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Cité épiscopale d’Albi

The Gothic style can be found mainly in the regions of Haute-Picardie and Île-de-France with the very first proto-Gothic edifices appearing in the Île-de-France.

The foremost hypothesis for this development suggests that these regions contained mainly paleo-Christian monuments in this era, notably Cathedrals with narrow walls, wooden frameworks and numerous bays. These regions were thus prepared for the technical and aesthetic choices within the Gothic style.

The renewal of religious edifices in these regions followed the rise of the Capetians and the consolidation of their rule. As they progressed through the annexation of the feudal fifes, they strove to symbolise their power through the construction of major buildings.

Finally, these regions border other architecturally dynamic areas; Burgundy, where the broken arch was invented in the abbey of Cluny, the flying buttresses invented at Cluny and Vézelay; and Normandy, where the rib vault was imported from England to the Abbeys of Jumièges and Lessay. Picardie and the Ile-de-France remained in a continual state of flux as many travellers passed through and here the first masters of Gothic architecture began to synthesize the various influences.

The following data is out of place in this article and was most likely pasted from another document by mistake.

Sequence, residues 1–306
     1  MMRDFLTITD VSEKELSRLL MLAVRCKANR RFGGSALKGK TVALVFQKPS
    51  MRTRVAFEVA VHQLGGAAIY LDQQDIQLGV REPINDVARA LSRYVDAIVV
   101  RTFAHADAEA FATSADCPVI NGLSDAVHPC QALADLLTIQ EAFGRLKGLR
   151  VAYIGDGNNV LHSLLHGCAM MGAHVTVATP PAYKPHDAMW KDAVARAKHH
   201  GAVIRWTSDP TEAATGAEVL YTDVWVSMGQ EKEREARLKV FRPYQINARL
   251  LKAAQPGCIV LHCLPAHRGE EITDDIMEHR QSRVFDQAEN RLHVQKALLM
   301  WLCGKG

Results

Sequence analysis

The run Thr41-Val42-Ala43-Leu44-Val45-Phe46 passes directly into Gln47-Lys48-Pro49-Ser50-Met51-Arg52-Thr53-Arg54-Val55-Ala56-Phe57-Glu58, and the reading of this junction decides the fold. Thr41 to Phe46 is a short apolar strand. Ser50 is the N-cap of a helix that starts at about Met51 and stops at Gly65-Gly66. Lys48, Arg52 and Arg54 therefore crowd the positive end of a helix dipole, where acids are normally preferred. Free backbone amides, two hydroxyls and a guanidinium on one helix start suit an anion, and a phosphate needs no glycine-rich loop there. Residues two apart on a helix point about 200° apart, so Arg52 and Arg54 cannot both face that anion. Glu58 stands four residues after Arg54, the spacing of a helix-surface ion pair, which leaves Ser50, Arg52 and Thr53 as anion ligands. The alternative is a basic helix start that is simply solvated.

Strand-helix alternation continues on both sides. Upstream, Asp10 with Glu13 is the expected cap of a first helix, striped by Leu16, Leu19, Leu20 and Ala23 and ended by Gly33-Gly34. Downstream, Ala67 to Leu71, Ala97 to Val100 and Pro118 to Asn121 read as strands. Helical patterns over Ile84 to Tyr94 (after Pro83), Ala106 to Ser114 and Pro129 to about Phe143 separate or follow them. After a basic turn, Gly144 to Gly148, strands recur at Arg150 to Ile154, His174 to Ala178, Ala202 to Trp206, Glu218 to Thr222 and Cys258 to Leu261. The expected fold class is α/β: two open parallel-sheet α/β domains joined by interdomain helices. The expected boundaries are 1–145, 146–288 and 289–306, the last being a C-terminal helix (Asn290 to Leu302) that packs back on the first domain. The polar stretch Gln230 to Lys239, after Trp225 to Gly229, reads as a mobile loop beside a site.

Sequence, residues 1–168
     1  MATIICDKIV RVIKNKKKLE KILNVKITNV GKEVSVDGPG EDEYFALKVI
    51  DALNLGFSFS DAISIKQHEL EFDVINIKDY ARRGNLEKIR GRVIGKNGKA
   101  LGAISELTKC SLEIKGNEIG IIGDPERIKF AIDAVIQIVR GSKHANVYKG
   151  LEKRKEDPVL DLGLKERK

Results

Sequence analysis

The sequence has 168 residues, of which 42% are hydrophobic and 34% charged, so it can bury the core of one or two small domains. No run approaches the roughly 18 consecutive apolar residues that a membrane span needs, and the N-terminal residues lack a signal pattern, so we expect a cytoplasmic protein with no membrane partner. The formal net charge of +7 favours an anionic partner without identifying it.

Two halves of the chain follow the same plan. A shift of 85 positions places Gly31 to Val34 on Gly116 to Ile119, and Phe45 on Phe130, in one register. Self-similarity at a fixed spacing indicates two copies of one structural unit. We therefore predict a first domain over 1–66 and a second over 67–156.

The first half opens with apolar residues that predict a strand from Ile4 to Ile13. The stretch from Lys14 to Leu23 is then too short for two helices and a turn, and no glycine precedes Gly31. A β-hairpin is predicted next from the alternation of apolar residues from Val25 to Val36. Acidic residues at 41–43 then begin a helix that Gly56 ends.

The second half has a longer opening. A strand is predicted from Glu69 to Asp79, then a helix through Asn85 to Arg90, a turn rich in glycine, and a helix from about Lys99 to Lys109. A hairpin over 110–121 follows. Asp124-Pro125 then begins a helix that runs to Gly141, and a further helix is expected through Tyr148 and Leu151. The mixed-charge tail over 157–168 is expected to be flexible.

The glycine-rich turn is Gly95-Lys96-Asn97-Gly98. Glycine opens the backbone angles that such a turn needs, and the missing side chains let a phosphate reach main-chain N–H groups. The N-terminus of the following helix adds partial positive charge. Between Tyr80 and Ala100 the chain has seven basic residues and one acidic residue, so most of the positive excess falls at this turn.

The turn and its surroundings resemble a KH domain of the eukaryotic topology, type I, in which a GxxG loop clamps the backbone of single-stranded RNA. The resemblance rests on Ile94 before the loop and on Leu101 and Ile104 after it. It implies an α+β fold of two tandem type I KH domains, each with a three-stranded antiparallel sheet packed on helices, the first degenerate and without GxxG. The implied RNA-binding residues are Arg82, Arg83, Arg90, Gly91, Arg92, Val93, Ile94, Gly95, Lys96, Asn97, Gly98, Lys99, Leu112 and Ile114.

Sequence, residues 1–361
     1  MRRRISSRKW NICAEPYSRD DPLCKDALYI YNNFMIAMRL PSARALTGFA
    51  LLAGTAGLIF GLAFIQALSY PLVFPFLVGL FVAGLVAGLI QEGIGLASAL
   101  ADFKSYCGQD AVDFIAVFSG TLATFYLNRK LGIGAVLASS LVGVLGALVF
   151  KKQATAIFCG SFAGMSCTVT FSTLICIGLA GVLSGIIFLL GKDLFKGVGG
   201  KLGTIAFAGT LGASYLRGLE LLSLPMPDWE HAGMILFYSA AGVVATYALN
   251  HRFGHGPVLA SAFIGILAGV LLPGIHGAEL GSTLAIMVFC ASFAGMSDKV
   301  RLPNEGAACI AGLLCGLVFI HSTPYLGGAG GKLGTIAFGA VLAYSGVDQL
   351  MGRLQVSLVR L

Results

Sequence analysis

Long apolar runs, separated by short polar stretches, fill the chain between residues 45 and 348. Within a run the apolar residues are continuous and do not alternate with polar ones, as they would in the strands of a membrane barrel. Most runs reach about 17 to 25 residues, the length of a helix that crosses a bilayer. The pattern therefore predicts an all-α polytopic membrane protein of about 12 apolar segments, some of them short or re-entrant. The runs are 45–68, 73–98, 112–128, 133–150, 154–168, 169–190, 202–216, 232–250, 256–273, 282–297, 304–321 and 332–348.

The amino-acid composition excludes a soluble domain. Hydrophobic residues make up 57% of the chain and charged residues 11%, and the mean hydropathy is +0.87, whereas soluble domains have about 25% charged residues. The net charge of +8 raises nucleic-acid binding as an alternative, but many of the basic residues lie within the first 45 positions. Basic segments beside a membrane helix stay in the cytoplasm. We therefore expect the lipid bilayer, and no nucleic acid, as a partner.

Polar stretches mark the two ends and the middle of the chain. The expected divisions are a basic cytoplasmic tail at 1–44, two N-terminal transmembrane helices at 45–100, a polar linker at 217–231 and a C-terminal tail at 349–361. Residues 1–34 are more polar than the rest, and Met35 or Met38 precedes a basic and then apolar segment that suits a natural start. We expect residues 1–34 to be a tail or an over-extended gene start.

The style evolved in time from the early Gothic of the 12th century and, in France, gave way to the classic Gothic style (around 1190 – 1230). This in turn was succeeded by the style referred to as ‘Rayonnant’ (1230 – 1350) and finally the style known as ‘Flamboyant’ (15thand 16th centuries). During the Renaissance the Gothic style in France evolved toward a hybrid between Gothic structures and Renaissance decoration (eg: the church of Saint Etienne du Mont in Paris).

Geographically, the expansion of Gothic architecture is confined essentially to Western Europe and numerous local variations can be found: Angevin (in the Anjou region), Norman, Perpendicular (also known as Rectilinear)…

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